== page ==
What crops do you grow? What inputs do you give to the soil?

I grow Basmati, wheat, pulses, moong, and potatoes. I grow basmati and then vegetables. On two acres, I am growing organic wheat and will go for green manure in-between the basmati crop. I have three cows and four buffalos, but I still have to purchase about 15 trolleys of manure each year which costs about 5,000 rupees.

What Natural Farming techniques do you use?

I use jeevamrut, vermiwash, buttermilk, cow dung cake extract, garbage enzyme, barseem extract and other cultures. Vermiwash and cow dung cakes have been the most effective.

So far we have reduced our water consumption by about 30%. Next year, we will use mulching to bring this number to 60 or 70%. This will also reduce the amount of hoeing we have to do and control the weeds.

What advice would you give to a farmer ready to switch to Natural Farming? How does your income compare?

First, farmers should at least farm organic for their own consumption, for your own health. Plant trees and diversify your crop. You should have 4 or 5 crops and a multicrop pattern. The sowing should have a proper gap or there may be disease problems.

As to compare to chemical farming, we are currently having the same income. We believe that in the future we will have even greater profits in natural than in chemical.

What is keeping natural farming from becoming mainstream? What would be your message to people living in the cities?

First thing is mindset, they don’t believe organic can be economical and is more of a regression. People are also trying to get out of farming and into more business jobs. Finally, people don’t like to work hard. I don’t think there are any risks in natural farming. We can promote through social media websites.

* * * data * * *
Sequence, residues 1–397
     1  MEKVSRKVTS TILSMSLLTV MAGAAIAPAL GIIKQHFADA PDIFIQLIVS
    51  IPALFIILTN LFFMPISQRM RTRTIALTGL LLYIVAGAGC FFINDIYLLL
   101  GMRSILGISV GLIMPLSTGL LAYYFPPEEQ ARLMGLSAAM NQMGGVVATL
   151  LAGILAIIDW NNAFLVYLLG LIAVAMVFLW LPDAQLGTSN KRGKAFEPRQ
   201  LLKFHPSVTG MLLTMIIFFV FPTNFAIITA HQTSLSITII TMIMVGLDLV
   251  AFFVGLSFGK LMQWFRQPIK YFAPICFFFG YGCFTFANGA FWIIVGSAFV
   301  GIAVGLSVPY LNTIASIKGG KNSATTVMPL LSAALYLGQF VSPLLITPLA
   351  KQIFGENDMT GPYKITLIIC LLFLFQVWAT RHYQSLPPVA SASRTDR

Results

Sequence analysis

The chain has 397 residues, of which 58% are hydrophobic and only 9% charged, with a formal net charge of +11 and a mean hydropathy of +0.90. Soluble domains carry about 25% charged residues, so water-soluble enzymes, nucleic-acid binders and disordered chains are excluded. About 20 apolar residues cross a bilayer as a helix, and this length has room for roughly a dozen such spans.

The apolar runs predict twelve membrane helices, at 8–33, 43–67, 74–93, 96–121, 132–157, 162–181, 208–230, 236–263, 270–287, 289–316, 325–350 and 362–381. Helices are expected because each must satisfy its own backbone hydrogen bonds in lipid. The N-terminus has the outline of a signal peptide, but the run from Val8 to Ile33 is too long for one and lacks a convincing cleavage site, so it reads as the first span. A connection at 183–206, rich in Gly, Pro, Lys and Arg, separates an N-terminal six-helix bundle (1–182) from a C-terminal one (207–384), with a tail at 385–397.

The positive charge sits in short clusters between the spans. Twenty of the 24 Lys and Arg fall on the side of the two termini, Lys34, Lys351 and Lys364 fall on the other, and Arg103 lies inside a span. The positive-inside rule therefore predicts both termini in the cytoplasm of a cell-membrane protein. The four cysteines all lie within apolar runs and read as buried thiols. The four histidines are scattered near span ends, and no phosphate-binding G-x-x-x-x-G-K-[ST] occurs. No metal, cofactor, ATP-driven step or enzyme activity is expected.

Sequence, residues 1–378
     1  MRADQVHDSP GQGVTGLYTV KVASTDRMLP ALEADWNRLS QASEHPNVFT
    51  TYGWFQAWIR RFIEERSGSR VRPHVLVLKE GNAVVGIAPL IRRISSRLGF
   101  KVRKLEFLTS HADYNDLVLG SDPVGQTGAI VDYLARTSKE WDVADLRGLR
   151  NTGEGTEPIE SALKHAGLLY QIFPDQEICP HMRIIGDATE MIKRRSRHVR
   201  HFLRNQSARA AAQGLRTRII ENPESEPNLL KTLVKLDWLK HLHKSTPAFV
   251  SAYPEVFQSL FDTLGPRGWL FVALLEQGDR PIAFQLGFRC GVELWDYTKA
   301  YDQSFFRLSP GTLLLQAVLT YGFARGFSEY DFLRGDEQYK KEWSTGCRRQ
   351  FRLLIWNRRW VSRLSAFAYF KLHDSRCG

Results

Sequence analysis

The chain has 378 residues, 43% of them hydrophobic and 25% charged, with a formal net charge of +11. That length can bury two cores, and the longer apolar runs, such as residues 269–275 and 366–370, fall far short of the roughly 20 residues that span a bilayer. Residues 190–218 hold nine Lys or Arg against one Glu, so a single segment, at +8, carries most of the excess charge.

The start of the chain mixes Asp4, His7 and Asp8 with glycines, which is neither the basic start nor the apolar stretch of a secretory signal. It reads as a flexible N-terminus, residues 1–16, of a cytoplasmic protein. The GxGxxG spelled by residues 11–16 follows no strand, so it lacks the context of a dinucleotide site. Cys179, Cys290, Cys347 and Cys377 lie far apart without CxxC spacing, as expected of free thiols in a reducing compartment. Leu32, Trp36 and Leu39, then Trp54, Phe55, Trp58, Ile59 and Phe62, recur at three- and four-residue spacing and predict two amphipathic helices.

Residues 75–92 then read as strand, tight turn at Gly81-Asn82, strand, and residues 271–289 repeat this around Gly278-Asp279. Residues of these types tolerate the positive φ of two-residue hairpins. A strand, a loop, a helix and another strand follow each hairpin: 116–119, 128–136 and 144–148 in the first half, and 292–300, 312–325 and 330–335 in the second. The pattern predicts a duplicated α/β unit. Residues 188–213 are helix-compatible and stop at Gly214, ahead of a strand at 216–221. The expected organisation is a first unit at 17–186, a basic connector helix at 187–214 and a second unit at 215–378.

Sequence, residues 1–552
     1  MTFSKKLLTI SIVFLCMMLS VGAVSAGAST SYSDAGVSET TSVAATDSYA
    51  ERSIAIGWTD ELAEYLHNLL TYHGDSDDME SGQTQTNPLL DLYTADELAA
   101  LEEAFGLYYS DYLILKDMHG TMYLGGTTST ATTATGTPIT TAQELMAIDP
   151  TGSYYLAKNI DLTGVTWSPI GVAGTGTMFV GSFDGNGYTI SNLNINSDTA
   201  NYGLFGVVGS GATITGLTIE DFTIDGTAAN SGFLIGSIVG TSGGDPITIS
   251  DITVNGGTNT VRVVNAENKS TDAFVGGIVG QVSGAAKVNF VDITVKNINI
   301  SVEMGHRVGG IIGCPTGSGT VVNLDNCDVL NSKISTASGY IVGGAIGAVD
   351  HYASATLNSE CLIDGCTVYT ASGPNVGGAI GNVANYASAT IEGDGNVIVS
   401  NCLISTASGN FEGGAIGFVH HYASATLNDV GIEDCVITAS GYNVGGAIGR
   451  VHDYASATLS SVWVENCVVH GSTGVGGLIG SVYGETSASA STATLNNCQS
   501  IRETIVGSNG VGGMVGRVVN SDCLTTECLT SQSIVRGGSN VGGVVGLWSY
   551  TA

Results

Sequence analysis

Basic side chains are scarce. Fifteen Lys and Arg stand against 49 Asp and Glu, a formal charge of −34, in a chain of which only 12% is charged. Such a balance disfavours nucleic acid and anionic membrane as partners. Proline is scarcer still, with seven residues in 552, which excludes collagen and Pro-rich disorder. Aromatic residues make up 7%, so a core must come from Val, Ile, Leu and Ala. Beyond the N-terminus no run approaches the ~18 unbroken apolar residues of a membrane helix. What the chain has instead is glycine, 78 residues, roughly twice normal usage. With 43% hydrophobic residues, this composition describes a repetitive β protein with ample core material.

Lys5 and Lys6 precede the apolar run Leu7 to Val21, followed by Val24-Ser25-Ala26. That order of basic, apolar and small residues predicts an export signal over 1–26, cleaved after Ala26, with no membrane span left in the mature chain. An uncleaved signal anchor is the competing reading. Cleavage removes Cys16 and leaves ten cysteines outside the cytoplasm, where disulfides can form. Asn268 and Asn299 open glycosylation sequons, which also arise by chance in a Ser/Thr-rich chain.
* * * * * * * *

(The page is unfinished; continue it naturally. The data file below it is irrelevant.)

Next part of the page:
Consumers should visit the farms of the organic farmers. They must know from where is their food coming from and how is it grown? You should give just as much research for your food as you do about your next mobile. We have to eat three times per day, three times per day we are putting these foods into our bodies, shouldn’t we know if it is healthy for us.

Have many of your young friends taken up organic farming or started eating organic?

My young friends are not interested in any kind of farming, chemical or organic. They want to go abroad or to open their own business. I can’t even convince them to eat the organic vegetables. Maybe 5-10% are interested in eating organic, but are not willing to grow it.

What are your thoughts on the government’s agricultural policy?

The policies are very dangerous for farmers and consumers, they do not support our health. The government supports chemicals and western things like low interest loans on new cars, new tractors. The policies should be about farmers, not the companies. They should not hurt us.

What do you plan for the future?

I am constructing a new house on the other side here, but I am planning to plant many trees there. I will go for organic milk and organic fruit such as Pomegranate, gooseberry, citrus and others. I will also install a biogas plant. I hope to open a shop in the nearby town in order to market my product.